Lecture 26: Gaussian processes (GPs) and elements of metalearning
GPs, kernel functions, (Deep) kernel learning and approximations, NPs, and metalearning
Learning Functions from Data
Background
Given a set of data points, we often want to learn a function that describes the data. One approach is to guess the parametric form of a function that could fit the data. Forms we might guess include:
 Linear function of $\mathbf{w}$ and $\mathbb{x}$: $f(\mathbb{x}, \mathbf{w}) = \mathbf{w}^T\mathbb{x}$
 Linear function of $\mathbf{w}$: $f(\mathbb{x}, \mathbf{w}) = \mathbf{w}^T\phi(\mathbb{x})$ where $\phi(\mathbb{x})$ is a vector basic function, i.e. $\phi(\mathbb{x}) = (1, \mathbb{x}, \mathbb{x}^2)$
 Nonlinear function of $\mathbf{w}$ and $\mathbb{x}$: $f(\mathbb{x}, \mathbf{w}) = \mathbb{g} (\mathbf{w}^T\phi(\mathbb{x}))$, i.e. Neural Network
We then choose an error measure and minimize with respect to $\mathbf{w}$: $E(\mathbf{w}) = \sum_{i=1}^n \left[f(\mathbb{x_i}, \mathbf{w})  y(\mathbb{x_i}) \right]^2$
Noise
Additionally, we can explicitly account for noise in our model by introducting a noise function $\epsilon(x)$: $y(\mathbb{x}) = f(\mathbb(x), \mathbf{w}) + \epsilon(\mathbb{x})$
We commonly use i.d.d. additive Gaussian noise, where we take $\epsilon(x) = \mathcal{N}(0, \sigma^2)$. Then, we aim to maximize the likelihood of the data $p(\mathbf{y} \mid \mathbb{x}, \mathbf{w}, \sigma^2)$ with respect to $\sigma^2$, $\mathbf{w}$. The model and likelihood are given by:
 Observation Model: $p(y(\mathbb{x})  \mathbb{x}, \mathbf{w}, \sigma^2) = \mathcal{N}(y(\mathbb{x}); f(\mathbb{x}, \mathbf{w}), \sigma^2)$
 Likelihood: $p(\mathbf{y}  \mathbb{x}, \mathbf{w}, \sigma^2) = \prod_{i=1}^N \mathcal{N}(y(\mathbb{x_i}); f(\mathbb{x_i}, \mathbf{w}), \sigma^2)$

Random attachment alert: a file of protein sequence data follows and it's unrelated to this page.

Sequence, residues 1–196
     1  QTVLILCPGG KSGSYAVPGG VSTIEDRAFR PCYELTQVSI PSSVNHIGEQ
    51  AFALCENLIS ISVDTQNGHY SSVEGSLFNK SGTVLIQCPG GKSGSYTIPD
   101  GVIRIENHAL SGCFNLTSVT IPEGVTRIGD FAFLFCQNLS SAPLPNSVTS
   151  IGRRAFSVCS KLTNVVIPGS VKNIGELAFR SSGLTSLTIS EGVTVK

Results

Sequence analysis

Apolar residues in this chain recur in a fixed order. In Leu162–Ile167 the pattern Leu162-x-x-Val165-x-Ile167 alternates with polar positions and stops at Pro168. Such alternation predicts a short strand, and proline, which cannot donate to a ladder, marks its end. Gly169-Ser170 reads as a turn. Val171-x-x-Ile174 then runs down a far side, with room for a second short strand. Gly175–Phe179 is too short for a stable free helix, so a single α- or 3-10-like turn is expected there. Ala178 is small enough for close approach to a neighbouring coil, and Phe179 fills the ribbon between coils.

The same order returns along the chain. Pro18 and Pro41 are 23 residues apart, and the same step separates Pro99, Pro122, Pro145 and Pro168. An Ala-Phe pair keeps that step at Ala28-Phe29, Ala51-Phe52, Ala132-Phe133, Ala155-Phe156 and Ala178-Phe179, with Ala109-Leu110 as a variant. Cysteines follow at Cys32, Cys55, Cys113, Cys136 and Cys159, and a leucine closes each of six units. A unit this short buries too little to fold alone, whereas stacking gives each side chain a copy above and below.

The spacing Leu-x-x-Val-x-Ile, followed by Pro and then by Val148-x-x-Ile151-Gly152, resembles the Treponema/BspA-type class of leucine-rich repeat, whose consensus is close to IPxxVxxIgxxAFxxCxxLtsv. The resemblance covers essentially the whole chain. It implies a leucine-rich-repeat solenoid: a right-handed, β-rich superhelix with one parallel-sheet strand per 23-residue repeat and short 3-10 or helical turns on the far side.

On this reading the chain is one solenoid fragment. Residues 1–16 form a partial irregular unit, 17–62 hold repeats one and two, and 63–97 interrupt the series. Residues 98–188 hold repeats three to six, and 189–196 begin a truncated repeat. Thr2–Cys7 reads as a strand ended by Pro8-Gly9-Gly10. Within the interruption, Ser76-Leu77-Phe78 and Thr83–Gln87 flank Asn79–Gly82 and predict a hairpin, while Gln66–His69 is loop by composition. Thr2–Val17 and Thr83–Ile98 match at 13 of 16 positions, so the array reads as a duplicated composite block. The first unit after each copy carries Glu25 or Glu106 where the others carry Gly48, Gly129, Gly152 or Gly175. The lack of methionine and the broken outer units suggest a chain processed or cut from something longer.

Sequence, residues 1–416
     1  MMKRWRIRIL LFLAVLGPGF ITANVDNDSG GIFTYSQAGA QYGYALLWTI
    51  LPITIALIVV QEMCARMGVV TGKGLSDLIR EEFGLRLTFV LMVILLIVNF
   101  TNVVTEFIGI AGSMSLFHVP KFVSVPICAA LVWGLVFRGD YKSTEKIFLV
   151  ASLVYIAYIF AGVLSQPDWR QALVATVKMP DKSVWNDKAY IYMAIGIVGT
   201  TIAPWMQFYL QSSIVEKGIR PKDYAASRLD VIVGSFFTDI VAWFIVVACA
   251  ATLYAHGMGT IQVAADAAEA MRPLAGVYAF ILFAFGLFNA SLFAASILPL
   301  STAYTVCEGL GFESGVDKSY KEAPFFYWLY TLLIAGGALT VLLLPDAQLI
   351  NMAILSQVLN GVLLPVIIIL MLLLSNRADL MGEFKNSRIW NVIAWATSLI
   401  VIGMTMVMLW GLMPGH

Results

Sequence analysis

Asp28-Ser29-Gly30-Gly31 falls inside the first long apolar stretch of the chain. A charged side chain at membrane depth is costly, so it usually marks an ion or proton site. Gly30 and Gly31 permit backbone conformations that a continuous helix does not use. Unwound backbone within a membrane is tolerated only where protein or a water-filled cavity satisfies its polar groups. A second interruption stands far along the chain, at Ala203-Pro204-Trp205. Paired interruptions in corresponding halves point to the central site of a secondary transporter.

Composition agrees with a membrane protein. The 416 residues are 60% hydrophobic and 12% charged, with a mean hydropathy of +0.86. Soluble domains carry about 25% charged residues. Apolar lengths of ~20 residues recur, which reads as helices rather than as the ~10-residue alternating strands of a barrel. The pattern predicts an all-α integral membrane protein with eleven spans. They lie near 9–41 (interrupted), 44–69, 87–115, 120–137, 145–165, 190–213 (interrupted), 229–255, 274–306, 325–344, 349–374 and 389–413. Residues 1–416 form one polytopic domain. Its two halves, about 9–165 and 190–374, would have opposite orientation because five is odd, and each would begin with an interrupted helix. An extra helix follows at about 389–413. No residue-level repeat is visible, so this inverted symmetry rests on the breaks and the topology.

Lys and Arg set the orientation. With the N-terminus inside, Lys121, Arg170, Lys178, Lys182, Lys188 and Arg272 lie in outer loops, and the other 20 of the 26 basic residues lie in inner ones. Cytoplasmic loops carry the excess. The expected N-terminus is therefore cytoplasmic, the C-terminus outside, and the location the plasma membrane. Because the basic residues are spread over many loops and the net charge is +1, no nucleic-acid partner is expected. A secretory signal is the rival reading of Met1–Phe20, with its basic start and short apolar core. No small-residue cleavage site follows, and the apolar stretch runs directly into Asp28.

Regularlization
This probabilistic approach helps us interpret the error measure in a deterministic way and gives a sense of the noise level $\sigma^2$. Thus, probabilistic methods provide an intuitive framework for representing uncertainty and model development. However, these approaches are prone to overfitting for flexible $f(\mathbb{x}, \mathbf{w})$. They achieve low error on the training data, but high error on test data.
One way to reduce overfitting is to use regularization. We can introdcuce a complexity penality to the loglikelihood or error function:
However, this introduces new questions: how do we define complexity? and how much should we penalize complexity? In practice, we control the penalty by setting $\lambda$ using crossvalidation
Bayesian Approach
We can describe our data and models using Bayes’ Rule:
To make predictions over a test case, we can obtain a predictive distribution by marginalizing out $\mathbf{w}$:
In this predictive distribution, we average over infinitely many models weighted by their posterior probabilities. There is no overfitting, and complexity is automatically calibrated. This approach is useful because we are typically more interested in distributions over functions than in parameters $\mathbf{w}$.
Introducing nonparametric models
Comparison to parametric models
In parametric models, we assume that all data can be represented using a fixed, finite number of parameters. (e.g. Mixture of K Gaussians, polynomial regression, neural networks). In nonparametric models, the number of parameters can grow with the sample size. The number of parameters may be random (e.g. kernel density estimation). In Bayesian nonparametrics, we allow for an infinite number of parameters a prior. Models of finite datasets will have only finite number of parameters; other parameters are integrated out. We can compare parametric Bayesian inference with nonparametric Bayesian inference: